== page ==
For most 19 year olds, life consists of studying, partying, preparing for adulthood and basically just enjoying life to the max. But for young Jelissa Edwards, her focus was set on opening doors and creating opportunities for other young people like herself.
Jelissa is the founder of the Soar with Eagles Foundation. The charity, which was formed in September 2015, facilitates various activities geared towards the physical, emotional, educational and spiritual development of the youth.
Noting that there were very little opportunities afforded to her and other children in her community when she was growing up, Jelissa’s aim is to help children realise that they can make a difference and become successful in their individual lives.
“Most of the children I grew up with are now finished school and… they were never guided in any particular field. I was fortunate enough to be blessed with a friend of my mother’s at the time, who stepped in and assisted me… Through him showing me the many options I had available to me, I was then able to make an informed decision regarding what I would study when that time came and eventually in making the decision to secure a future career. After I finished BCC [Barbados Community College], with so many different options for a career path, I looked around me and saw the need for persons like him not only in my community but in communities all over the island,” the Soar With Eagles Director explained.
It was on this basis that the Foundation was established. Participants have since been exposed to after-school lessons, skills training, sports, music classes and counselling.
“Our first year was focused on a Common Entrance Program. Within the time we had from September 2015 to May 2016, our participants were able to meet every Saturday morning for two hours. Not only were they able to receive all the information they needed for successful completion of the examination, but they were also able to get assistance with any homework issues they had, and they had a listening ear to discuss any issues which they were having at home or at school. At the end of the program, there were five successful graduates with results for The Combermere School, The Springer Memorial School, Princess Margaret Secondary School, The Coleridge & Parry School and Ellerslie Secondary,” she pointed out.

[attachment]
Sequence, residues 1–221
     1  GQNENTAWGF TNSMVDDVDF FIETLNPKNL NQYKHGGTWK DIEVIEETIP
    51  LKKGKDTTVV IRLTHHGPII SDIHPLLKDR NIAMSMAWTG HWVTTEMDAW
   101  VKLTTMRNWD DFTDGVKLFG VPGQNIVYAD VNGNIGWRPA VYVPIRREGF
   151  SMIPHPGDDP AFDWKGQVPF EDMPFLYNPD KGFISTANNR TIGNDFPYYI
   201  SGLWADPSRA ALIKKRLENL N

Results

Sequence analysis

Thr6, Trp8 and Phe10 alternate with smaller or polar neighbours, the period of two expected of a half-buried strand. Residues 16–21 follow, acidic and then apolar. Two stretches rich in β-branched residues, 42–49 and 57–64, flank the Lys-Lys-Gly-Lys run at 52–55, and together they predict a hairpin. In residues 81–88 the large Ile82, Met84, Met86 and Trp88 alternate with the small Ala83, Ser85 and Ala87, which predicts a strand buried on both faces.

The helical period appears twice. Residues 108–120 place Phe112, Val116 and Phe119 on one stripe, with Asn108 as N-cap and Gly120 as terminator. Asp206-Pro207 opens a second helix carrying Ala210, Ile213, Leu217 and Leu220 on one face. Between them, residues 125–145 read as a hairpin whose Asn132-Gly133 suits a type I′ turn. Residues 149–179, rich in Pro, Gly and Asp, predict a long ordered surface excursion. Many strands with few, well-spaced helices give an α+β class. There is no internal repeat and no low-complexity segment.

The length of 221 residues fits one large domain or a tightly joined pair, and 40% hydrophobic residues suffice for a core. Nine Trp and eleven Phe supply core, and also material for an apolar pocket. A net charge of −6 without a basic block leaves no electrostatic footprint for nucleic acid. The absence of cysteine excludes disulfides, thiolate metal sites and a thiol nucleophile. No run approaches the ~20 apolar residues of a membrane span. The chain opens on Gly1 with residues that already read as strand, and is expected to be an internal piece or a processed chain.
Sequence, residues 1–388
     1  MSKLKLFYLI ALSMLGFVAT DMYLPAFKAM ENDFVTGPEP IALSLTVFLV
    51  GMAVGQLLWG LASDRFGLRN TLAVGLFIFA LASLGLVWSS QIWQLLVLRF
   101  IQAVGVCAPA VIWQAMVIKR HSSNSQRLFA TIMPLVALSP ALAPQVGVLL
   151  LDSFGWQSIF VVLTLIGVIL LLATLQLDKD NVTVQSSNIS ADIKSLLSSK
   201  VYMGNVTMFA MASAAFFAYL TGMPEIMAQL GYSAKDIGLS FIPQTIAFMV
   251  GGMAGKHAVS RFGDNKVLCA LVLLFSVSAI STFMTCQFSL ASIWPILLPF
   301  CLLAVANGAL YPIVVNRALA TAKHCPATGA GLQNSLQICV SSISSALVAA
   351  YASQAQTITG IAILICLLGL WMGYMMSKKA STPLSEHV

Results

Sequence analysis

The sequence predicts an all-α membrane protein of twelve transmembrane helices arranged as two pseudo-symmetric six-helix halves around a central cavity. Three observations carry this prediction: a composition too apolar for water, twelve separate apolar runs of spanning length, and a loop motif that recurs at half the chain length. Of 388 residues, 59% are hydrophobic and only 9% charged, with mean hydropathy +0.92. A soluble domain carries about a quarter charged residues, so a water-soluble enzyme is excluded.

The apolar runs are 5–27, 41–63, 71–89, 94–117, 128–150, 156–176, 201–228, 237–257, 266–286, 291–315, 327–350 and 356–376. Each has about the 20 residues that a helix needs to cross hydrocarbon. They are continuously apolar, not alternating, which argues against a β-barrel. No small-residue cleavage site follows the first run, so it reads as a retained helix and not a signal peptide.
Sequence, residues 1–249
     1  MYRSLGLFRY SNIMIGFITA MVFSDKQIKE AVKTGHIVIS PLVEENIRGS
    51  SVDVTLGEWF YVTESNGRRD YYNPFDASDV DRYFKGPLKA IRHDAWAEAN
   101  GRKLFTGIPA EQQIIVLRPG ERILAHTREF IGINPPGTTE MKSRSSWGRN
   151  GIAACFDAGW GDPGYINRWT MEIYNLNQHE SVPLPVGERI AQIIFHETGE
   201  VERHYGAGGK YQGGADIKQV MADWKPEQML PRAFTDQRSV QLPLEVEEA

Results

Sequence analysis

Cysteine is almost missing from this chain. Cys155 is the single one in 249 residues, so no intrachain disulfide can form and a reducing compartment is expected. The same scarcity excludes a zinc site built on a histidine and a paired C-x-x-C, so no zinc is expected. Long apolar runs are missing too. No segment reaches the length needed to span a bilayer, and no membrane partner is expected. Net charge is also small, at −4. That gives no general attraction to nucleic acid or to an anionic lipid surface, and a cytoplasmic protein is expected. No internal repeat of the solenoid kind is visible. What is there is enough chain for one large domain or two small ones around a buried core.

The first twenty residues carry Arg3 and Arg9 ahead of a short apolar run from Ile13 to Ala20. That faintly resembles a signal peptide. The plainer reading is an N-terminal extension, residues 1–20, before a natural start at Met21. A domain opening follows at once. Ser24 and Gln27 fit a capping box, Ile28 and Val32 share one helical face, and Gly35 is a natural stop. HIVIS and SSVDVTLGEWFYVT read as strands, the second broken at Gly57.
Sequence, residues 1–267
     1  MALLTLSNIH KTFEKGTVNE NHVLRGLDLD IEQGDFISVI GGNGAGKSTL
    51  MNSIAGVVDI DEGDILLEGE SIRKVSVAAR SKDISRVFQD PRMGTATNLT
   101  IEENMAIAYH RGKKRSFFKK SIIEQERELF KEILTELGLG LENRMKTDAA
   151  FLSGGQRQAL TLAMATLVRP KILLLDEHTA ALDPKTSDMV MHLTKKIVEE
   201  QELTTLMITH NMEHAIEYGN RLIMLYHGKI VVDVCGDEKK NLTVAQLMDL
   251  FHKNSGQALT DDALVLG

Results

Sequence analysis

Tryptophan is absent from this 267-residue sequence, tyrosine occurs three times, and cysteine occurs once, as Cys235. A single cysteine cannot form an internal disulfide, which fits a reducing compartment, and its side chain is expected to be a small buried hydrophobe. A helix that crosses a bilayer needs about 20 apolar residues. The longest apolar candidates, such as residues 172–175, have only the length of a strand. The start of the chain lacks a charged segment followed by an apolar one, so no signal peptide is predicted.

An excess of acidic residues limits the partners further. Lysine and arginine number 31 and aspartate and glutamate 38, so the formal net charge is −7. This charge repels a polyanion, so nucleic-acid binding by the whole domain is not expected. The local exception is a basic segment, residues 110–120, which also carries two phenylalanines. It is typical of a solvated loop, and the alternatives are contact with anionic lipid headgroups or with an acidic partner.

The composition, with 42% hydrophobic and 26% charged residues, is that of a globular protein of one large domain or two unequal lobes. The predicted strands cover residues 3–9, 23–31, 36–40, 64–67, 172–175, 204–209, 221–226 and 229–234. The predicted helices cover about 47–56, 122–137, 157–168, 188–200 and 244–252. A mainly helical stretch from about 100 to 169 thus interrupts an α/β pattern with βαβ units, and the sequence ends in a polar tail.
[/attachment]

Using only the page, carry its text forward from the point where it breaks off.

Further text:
While the opportunity to offer these classes to children free of cost has received high praises and gratitude from parents, Jelissa states that it has come with some challenges, but is quick to note that she approaches every situation with God leading the way and eventually finds a solution.
“In the beginning it was really hard because we had no proof of any work we’d done or any proof that we had the potential to do any work, so approaching companies or even individuals for assistance was always a huge challenge for us… I didn’t have a source of income at this point and any money I would’ve gotten at that time I spent right back into the Foundation…We were blessed, though, to receive several donations over the past few months which were able to offer our participants a full experience and keep the Foundation up and running effectively.
“When I started, at some points, even I thought I was crazy for making that step, but by leaving it all in God’s hands and allowing Him to lead the way, I have been able to sit back and watch Him forge relationships with persons who continue to push to see this work come to pass,” she stated.
Jelissa also shares the glory of her work with the other board members: Technical Director and Trustee, Dwane Goddard; Musical & Performing Arts Director and Trustee Anderson Toppin; Treasurer, Nikita Estwick and Secretary, Karon Desrivieres. She notes that several volunteers have also come on board to assist in any events or the general day to day running of the Foundation.
“A work like ours is very dependent on a great number of volunteers to ensure its smooth running and consistency; so while I am very thankful for the numbers we presently have I am extending an invitation for persons to come on board.”
by Sharifa Medford